The Turkish Government has been forced to adopt damage-limitation tactics after becoming embroiled in an embarrassing row over academic freedom.
It has come under sustained fire after the editor of a state-run scientific journal, Bilim ve Teknik, was apparently sacked for planning a front-page story on Charles Darwin and evolution.
According to Cigdem Atakuman, the editor of the journal, the story was pulled on the orders of the Scientific and Technical Research Council (TUBITAK), which runs Bilim ve Teknik.
She said that she was sacked by Omer Cebeci, TUBITAK's deputy director, and told German magazine Der Spiegel that the Darwin feature - which was replaced with a cover story on climate change - was considered by her employer as "a big mistake, an unforgivable error".
She said that Dr Cebeci told her that "in the current political climate in Turkey, something like that could be perceived as a provocation".
Dr Atakuman's claims have fuelled speculation that the Islamic-oriented Government in Turkey is seeking to increase the role of religion and promote the Muslim version of creationist theory.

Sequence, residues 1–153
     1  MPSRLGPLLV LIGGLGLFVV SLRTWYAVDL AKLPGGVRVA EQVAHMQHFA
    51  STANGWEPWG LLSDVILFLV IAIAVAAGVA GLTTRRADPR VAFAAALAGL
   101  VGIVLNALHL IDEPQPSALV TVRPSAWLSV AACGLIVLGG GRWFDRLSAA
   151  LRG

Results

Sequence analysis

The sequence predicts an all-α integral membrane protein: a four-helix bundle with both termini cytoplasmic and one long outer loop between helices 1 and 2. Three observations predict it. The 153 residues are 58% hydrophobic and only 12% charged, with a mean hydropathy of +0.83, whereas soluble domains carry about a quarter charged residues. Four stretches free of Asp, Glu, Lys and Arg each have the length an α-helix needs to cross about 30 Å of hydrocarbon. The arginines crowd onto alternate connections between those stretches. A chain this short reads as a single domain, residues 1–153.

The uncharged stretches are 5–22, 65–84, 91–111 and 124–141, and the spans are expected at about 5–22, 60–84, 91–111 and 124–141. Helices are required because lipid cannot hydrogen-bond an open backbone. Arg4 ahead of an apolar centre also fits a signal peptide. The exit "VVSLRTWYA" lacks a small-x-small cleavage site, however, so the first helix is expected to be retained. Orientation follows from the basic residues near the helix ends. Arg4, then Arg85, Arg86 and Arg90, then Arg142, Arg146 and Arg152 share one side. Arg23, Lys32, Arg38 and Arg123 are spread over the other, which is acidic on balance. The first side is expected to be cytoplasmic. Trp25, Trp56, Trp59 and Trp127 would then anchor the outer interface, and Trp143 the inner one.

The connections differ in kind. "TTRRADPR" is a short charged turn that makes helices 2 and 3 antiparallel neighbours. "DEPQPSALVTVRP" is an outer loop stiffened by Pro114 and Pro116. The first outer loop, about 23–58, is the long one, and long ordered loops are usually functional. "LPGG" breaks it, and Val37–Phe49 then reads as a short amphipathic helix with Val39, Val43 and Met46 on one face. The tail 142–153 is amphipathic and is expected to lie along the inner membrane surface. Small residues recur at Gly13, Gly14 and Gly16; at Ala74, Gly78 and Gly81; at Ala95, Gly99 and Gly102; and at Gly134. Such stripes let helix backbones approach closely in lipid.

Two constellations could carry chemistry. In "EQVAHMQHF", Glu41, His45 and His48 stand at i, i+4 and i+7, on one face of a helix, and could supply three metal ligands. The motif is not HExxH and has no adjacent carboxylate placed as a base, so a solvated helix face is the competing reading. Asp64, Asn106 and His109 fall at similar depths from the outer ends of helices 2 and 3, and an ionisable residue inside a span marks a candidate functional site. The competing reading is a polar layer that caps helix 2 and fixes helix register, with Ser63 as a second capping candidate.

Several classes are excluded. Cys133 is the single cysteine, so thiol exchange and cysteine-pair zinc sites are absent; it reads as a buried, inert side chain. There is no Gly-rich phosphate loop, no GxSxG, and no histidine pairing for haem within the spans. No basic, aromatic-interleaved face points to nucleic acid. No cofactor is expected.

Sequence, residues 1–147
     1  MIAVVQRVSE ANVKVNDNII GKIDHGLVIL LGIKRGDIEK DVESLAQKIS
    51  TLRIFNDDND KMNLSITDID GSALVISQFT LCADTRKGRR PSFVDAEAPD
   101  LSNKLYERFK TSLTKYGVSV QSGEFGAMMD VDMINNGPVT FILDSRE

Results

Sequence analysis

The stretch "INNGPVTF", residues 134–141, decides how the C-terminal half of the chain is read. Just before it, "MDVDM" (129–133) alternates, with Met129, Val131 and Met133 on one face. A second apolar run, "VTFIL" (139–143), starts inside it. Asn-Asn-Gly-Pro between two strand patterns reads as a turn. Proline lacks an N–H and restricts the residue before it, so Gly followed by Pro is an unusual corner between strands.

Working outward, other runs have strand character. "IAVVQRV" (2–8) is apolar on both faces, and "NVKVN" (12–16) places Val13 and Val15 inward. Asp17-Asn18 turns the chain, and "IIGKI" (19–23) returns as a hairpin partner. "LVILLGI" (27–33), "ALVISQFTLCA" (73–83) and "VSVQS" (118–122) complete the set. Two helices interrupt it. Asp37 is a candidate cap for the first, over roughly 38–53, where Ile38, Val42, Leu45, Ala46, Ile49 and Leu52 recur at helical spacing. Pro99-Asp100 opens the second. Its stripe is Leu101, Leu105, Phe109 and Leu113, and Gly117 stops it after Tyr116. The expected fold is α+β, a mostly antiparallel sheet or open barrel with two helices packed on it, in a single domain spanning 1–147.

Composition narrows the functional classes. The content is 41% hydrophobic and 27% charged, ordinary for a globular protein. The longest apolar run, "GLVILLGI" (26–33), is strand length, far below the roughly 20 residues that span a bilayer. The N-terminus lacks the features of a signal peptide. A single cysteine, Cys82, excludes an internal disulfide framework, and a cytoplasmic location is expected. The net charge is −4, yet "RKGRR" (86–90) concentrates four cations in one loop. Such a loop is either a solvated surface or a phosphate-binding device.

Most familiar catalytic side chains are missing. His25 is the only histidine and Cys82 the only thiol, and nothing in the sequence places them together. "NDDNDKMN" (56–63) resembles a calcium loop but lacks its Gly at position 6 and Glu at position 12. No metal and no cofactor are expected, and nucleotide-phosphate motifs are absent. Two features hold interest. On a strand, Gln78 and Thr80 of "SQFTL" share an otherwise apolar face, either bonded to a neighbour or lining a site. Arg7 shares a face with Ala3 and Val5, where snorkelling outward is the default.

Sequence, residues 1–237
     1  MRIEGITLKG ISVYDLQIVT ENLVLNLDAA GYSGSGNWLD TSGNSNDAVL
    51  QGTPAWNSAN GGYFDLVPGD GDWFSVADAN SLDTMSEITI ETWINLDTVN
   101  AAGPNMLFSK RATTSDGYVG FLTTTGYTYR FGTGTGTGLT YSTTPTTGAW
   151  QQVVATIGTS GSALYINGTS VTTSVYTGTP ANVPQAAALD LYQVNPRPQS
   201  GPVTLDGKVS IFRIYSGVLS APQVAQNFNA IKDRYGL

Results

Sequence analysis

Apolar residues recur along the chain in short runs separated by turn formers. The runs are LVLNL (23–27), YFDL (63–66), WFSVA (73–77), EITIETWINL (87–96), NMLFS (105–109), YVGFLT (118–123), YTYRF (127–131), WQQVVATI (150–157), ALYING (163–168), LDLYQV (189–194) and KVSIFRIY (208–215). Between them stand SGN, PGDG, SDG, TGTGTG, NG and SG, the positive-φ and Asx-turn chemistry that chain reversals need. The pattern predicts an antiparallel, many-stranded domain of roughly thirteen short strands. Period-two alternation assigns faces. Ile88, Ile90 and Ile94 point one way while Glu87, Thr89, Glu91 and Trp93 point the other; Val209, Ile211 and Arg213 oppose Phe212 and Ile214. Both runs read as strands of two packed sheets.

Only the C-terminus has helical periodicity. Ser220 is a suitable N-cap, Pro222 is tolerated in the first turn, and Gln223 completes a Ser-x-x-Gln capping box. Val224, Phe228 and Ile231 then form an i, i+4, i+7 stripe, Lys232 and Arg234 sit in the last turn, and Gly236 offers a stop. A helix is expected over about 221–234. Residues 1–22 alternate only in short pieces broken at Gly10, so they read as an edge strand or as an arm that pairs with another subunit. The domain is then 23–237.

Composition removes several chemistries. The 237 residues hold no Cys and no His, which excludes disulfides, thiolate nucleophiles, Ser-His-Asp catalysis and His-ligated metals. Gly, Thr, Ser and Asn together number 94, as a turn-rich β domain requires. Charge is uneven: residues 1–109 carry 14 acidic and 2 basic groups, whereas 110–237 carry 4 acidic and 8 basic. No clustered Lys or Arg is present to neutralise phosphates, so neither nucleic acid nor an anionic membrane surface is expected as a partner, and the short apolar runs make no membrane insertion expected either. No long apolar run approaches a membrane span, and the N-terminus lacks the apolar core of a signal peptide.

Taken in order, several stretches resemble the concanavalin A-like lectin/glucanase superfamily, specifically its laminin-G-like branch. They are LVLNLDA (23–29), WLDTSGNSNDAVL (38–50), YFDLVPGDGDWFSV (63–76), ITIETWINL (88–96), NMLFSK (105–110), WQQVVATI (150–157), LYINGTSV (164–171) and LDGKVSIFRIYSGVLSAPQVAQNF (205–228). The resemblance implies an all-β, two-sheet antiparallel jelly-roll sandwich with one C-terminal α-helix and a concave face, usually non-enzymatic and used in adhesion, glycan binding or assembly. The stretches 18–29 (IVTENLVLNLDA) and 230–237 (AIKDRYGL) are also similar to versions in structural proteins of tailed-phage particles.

In a statement, a group of academics at the Middle East Technical University, which is based in the Turkish capital Ankara, said the incident was "proof that a dogmatic world view that is opposed to science dominates (in the Turkish administration)".
TUBITAK has tried to duck accusations of censorship, claiming that the Darwin story was pulled because of "business" considerations.
Mehmet Aydin, Minister of State in the Turkish Council of Ministers, was forced to backtrack after he reportedly said that TUBITAK "should not study Darwinism" because many other academic journals were already occupied with it.
He told the Turkish newspaper Hurriyet: "A man (Darwin) who is known by everyone and covered in school books in Turkey cannot be censored in the 21st century ... Who does such a thing? It is impossible."
TUBITAK added that Dr Atakuman had been removed from her post for "breaching her authority" by replacing the feature that was originally planned for the March edition, which it insisted was the story on climate change. "There is no question of censorship," it said in a statement released last week.
As Times Higher Education went to press, Dr Atakuman was reinstated as editor of the journal. However, she said she would "see how it goes".
"This incident has hurt the reputation of Turkish science and scientists in the international arena," she said. "It shows the imminent threat, but cannot be used as a representation of what most people in Turkey think of evolution.
"Except for the objections of a handful of creationists, the enormous outcry showed that the event is reprehensible both to Turkish academia and the Turkish public."
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